Swathes of Sri Lanka were hit by electricity cuts on Thursday after a power sector union went on strike opposing new government regulations, compounding hardships as the country tackles a crippling economic crisis.
About 900 out of around 1,100 engineers of the state-run Ceylon Electricity Board (CEB), Sri Lanka's main power company, went on strike at midnight, stalling operations at eight hydropower plants that generate around 1,000 MW of electricity, reports Reuters.
The CEB Engineers' Union is opposed to government plans to amend legislation governing the country's power sector, which include removing restrictions on competitive bidding for renewable power projects.
Kanchana Wijesekera, Sri Lanka's power minister, said he was open to make changes to the legislation that is due to be presented to parliament, adding that consumers had the right to cheap and uninterrupted electricity supply.
"If the existing CEB act does not need amendments and has the capability to implement renewable energy projects without delay, why did the CEB deprive many who had requested to do so for years?," Wijesekera said in a tweet.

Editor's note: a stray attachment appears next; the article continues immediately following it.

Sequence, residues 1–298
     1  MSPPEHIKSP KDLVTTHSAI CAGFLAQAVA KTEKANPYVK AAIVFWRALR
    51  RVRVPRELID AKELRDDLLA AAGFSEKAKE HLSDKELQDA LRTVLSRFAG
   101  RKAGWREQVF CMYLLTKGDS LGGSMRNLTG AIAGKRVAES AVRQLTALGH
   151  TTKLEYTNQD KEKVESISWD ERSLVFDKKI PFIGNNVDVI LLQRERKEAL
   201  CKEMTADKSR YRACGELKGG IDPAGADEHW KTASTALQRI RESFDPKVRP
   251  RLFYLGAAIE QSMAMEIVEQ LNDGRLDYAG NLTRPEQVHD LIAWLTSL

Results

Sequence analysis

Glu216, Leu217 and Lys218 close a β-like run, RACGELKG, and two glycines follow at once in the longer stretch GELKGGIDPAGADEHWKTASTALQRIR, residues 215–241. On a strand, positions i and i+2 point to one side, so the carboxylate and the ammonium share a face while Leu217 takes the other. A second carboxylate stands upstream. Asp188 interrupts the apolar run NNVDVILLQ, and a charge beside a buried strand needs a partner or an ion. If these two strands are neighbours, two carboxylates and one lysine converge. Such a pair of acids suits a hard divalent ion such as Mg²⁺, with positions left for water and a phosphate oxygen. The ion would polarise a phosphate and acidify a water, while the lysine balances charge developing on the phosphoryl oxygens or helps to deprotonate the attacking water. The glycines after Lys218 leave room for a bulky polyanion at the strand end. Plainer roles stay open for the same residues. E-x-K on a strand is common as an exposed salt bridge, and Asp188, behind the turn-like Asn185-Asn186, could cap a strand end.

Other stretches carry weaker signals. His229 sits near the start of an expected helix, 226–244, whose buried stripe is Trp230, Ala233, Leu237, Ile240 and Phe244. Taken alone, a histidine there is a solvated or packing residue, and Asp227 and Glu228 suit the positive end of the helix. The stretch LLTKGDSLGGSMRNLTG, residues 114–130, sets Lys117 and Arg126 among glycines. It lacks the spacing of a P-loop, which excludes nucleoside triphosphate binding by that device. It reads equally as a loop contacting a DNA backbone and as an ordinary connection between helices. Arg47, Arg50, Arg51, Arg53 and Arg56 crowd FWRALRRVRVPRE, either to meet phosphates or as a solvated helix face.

Sri Lanka's 22 million people are already suffering the country's most serious financial turmoil in seven decades, with severe shortages of fuel, medicines and other essentials amid record inflation and a devaluation of its currency.
In a bid to stop the CEB Engineers' Union from striking, Sri Lanka's President Gotabaya Rajapaksa issued a gazette notification late on Wednesday declaring electricity supply as an essential service.
The legal directive makes it mandatory for engineers to report to work.
"President Rajapaksa called the union president late last night and made an appeal not to let the entire grid collapse. So we are working to ensure hospitals and other essential services have power," the union's joint secretary Eranga Kudahewa told Reuters.
"But the strike will continue," he said.
The government, pushing renewable energy as a potential solution for the country's power woes, has underlined the need for the amendments to allow for quicker approval and implementation of projects.
Janaka Ratnayake, chairman of the power regulator Public Utilities Commission of Sri Lanka, said regions supplied by hydropower had seen power outages, including parts of the commercial capital Colombo.
"We are working to restore services and will talk with the unions to reduce public inconvenience," Ratnayake told Reuters.
Sri Lanka was crippled by long power cuts earlier this year after it was unable to import fuel needed to generate electricity, though the situation has improved as monsoon rains have bolstered hydropower generation.